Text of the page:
Keep Michigan State's defense honest
This is arguably Michigan's most important task, and no one will argue that it's the most daunting task. As stated in Inside the Playbook, Al Borges needs to find ways to generate enough of a run game to keep the Spartan linebackers honest. Devin Gardner will be throwing into small windows for most of the game, but those windows will tighten up even more if the Spartan defensive line dominates, allowing its linebackers to drop into coverage earlier and earlier.
Is this possible? Yes, but not likely. Running Fitzgerald Toussaint behind a fullback into the middle of the MSU defense is suicide, so Michigan should be operating from the shotgun more often than not. Devin Gardner's legs matched with the threat of a halfback run might be Michigan's only solution to its woes in the run game.
Battle and find ways to make big plays
Devin Gardner's ability to dodge tacklers and make throws needs to be on full display this weekend. The Spartans are going to bring plenty of pressure on different downs, giving Gardner opportunities to make plays if he can scramble and find targets down field – namely, Devin Funchess, who will be Michigan's true hope on offense.
This is where things get impossible: Gardner has to match his ability to scramble with ball security, which is an extremely tall task. Michigan State will smell blood if Michigan coughs the ball up.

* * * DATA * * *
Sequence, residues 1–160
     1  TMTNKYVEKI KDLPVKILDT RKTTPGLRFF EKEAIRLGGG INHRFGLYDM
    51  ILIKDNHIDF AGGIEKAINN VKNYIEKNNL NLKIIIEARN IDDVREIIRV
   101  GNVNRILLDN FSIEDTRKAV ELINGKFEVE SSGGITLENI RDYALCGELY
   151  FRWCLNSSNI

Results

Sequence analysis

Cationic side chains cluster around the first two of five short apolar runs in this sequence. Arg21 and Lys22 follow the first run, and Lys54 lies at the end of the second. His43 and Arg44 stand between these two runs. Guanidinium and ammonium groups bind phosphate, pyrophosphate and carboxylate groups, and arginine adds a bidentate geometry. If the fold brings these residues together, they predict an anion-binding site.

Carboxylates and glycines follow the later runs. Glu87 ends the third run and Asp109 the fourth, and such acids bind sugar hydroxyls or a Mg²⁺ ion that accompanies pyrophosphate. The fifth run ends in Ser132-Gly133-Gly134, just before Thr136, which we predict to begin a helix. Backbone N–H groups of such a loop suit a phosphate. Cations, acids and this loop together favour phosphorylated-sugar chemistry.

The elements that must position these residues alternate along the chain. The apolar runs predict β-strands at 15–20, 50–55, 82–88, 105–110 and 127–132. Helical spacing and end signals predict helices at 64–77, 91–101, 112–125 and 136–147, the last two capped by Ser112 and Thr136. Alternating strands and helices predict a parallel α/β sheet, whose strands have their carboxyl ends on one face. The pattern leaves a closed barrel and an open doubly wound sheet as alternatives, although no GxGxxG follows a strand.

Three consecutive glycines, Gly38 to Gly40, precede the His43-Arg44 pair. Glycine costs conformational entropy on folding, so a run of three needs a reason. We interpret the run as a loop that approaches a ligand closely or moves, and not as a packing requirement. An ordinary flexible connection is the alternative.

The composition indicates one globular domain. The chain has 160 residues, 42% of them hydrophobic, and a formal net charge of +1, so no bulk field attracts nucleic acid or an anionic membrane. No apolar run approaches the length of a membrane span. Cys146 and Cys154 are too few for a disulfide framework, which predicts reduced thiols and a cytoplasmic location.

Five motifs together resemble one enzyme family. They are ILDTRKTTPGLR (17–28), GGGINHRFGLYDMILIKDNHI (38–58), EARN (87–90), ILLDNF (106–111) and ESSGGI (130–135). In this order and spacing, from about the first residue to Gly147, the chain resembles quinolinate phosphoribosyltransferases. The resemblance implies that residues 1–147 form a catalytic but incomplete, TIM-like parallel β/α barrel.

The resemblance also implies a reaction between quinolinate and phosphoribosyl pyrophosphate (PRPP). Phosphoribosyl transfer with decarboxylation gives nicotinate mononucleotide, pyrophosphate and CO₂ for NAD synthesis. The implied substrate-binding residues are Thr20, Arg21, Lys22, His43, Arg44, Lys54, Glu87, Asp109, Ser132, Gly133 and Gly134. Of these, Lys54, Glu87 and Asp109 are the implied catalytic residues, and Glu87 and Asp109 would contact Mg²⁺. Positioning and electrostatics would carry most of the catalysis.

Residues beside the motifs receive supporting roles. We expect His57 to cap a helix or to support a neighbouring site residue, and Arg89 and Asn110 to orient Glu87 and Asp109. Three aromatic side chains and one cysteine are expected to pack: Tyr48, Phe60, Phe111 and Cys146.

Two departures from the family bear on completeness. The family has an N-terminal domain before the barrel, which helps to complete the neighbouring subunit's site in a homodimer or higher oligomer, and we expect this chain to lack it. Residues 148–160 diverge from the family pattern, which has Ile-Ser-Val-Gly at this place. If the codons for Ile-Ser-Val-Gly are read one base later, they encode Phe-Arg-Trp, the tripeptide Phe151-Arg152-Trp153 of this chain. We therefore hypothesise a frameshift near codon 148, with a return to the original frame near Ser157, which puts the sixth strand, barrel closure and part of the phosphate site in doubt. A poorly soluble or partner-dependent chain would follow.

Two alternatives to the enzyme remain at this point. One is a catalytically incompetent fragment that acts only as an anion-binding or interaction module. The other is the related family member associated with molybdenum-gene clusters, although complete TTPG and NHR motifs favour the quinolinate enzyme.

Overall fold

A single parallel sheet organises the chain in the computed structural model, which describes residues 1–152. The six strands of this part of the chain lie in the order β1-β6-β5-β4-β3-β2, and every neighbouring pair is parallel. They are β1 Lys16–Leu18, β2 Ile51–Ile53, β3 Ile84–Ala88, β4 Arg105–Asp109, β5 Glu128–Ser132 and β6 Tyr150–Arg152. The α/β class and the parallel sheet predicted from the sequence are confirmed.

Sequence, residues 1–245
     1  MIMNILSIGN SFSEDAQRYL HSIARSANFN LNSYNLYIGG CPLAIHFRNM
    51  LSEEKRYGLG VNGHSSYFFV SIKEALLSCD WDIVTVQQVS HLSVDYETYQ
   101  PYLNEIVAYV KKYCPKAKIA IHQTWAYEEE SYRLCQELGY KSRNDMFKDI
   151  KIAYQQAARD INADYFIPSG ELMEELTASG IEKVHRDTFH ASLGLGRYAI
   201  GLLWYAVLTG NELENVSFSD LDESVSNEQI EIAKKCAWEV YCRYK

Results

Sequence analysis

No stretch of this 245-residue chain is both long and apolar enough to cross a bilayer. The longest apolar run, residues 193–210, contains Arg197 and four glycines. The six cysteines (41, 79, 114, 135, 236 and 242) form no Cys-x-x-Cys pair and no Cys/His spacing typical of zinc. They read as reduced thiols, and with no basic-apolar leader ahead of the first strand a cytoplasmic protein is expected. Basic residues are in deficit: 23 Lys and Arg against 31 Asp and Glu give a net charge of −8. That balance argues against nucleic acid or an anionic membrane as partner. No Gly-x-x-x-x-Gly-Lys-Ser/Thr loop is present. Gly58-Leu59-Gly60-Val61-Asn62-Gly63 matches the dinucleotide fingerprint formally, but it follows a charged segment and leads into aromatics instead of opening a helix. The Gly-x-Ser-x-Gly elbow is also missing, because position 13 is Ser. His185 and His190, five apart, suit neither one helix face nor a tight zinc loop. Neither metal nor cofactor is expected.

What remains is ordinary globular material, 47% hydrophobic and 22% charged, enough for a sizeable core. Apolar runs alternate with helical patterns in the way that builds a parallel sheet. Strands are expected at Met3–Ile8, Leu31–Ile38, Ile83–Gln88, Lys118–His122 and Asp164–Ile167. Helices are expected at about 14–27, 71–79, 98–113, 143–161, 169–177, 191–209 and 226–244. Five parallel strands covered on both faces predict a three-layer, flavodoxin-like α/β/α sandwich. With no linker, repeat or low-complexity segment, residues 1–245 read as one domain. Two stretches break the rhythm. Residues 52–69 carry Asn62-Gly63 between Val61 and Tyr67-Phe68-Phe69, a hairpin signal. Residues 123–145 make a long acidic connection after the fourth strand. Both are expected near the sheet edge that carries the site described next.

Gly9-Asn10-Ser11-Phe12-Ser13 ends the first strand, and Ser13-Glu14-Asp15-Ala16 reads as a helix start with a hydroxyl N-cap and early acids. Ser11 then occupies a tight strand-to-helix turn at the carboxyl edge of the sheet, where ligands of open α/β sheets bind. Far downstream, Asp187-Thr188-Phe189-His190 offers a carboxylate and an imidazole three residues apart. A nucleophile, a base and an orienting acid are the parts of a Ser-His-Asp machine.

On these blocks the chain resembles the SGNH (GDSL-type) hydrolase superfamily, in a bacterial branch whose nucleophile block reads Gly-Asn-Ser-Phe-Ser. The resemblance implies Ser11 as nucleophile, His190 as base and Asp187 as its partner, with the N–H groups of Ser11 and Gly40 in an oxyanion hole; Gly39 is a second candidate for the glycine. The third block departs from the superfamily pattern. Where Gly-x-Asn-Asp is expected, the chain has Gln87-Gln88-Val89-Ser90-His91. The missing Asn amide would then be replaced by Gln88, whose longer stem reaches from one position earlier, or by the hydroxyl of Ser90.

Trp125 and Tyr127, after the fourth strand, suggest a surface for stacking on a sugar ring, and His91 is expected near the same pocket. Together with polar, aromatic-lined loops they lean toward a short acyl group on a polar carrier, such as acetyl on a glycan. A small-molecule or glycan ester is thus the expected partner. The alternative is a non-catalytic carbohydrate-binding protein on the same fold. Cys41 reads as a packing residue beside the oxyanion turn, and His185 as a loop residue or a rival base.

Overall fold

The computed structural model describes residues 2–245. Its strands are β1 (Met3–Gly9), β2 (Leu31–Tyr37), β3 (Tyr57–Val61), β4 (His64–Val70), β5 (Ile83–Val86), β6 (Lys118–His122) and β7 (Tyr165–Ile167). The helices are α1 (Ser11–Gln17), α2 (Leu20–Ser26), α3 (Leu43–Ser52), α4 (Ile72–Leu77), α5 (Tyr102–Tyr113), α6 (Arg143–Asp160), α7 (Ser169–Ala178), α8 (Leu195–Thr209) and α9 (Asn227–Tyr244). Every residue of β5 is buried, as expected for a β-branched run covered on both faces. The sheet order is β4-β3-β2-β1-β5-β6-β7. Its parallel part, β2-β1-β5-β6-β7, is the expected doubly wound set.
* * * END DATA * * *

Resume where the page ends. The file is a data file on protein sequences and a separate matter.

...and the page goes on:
Stop the run
Michigan's front seven has looked solid against the run at times and below average at others. It needs to remain solid throughout the game Saturday, as this would allow Jake Ryan and Frank Clark to pin their ears back and go after Connor Cook on longs downs. Cook is by no means a great signal caller; Michigan will be in much better shape if it can stop the run and put the game squarely on his inexperienced shoulders.
Play with focused aggression
The Spartan defense has been so great in recent seasons because it's very aggressive, yet the unit still manages to play with high levels of focus and discipline. Michigan needs to mirror this on both sides of the ball, playing fast football without making huge mental errors that show up on stat sheets. Both coaching staffs have been preaching it all week: Whoever plays the sharpest, most aggressive football will win this rivalry game.
Welp, that's ugly, wishful thinking. I have great faith in Greg Mattison's ability to slow the Spartan offense down to a near halt this weekend, but whether or not the offense can score enough points to win remains to be seen. The cynic inside of me hates to admit it, but here goes: Al Borges needs to look at this game as a huge opportunity to save himself masked as a daunting challenge.